On Monday, a screening of the César award-winning documentary “Tomorrow” was held at Stanford and introduced by filmmaker Cyril Dion. Dion explained that his film, co-directed with actress Melanie Laurent, has roots at Stanford.

The inspiration for the documentary, which follows Dion and Laurent on a journey around the world, highlighting grassroots efforts that local communities are implementing to respond to environmental change, was a 2012 paper in the journal Nature co-authored by Stanford’s Jasper Ridge Biological Preserve directors Tony Barnosky and Elizabeth Hadly. The scientists are featured in the opening of the film discussing their finding that if changes are not made to the world’s predominant way of life, the planet is approaching a “tipping point” after which unalterable changes to climate and biodiversity will be experienced at a scale unprecedented in human history.

"What I saw on this journey is that human beings are really capable of the worst, but also really capable of the best." said Dion on what he learned traveling the globe looking for local solutions. 

Following the film, which received a standing ovation by around 300 attendees, Dion joined a panel including Barnosky, who is also Professor Emeritus at UC Berkeley, Nicole Ardoin, Professor of Education at Stanford, and special guest Robert Reed from Recology in San Francisco who was also featured in the film. Hadly, also a Professor of Biology at Stanford, moderated the discussion which centered largely around the world’s food system and the need for sustainable modifications to production. Questions for the panelists were sent via Twitter at #TomorrowSU.

“If all of the farmland that is devoted to feeding cows were devoted to growing crops, food production would increase by 50 percent” said Barnosky during a discussion about how eating meat impacts global food security. "One thing you can do is eat less meat and it pains me to say that because my dad was a butcher."

“I know documentaries are meant to connect with people but I had no idea how much I would connect with this one,” said Kira Smiley, an Earth Systems undergraduate and member of Students for a Sustainable Stanford.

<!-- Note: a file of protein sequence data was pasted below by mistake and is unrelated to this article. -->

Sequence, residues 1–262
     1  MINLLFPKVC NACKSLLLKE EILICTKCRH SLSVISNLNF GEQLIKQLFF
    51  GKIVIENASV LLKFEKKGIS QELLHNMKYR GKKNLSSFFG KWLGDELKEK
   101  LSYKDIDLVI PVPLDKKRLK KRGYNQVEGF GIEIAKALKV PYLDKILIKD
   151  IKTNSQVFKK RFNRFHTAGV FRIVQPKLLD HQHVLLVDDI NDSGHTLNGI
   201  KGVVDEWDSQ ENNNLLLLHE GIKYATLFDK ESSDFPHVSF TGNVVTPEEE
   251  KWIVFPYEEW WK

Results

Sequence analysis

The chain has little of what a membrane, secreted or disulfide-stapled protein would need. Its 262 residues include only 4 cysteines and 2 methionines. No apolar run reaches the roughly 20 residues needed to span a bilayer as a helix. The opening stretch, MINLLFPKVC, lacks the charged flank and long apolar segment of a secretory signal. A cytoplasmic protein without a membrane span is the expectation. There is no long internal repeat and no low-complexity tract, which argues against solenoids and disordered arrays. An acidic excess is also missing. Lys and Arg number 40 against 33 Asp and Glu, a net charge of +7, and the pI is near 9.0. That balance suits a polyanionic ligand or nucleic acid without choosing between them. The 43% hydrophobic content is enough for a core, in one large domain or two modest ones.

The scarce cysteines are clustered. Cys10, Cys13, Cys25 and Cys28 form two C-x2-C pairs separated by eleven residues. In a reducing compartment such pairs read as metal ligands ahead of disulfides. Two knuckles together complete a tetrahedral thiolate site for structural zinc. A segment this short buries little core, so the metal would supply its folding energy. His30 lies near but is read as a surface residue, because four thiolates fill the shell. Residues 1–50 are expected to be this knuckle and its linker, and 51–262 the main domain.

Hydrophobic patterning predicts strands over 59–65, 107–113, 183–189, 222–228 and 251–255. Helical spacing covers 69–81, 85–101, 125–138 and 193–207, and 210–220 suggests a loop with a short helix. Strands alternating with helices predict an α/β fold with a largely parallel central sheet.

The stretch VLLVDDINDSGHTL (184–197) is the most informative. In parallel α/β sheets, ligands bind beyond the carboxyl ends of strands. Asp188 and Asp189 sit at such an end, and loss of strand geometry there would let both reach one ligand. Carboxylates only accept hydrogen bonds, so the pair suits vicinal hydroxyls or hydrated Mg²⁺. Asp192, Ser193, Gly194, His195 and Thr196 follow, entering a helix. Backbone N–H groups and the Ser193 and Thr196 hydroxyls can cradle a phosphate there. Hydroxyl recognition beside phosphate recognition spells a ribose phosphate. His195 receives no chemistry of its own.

The film involves five chapters, including agriculture, energy, economy, democracy, and lastly, education. The portion on education looked at Finland’s innovative approach to teaching without a focus on standardized testing or long school days.

“As a Finnish citizen and someone who has studied food systems, works with environmental education, and is part of an interdisciplinary environment-related major at Stanford, Cyril's film spoke to me on many levels,” said Smiley ’17.

The film has been shown at the Paris climate talks and other major events around the world. The screening at Stanford saw many members of the Palo Alto community, which helped highlight the film’s message of community and inclusion.

“It was inspiring for me to see science—especially science produced so close to home—translate into direct passion and action,” said Emma Fisher ‘17, also an Earth Systems major and member of Students for a Sustainable Stanford. “The film was captivating because it went beyond what I have come to expect from ‘climate change movies.’” 

Overall, the film promotes a hopeful message that ordinary people can effect real change.

“Stop being a slave of the system. Start to be here on this planet for a reason,” said Dion on what a difference an individual can make to environmental causes.

The screening of “Tomorrow” was sponsored by Students for a Sustainable Stanford, the Department of Biology, the Jasper Ridge Biological Preserve, the School of Earth, Energy & Environmental Sciences, Camera As Witness (CaW), the Vice Provost for Undergraduate Education, the Vice President for the Arts, and Woods Institute for the Environment at Stanford University.

See recent reviews in The New York Times & The Los Angeles Times.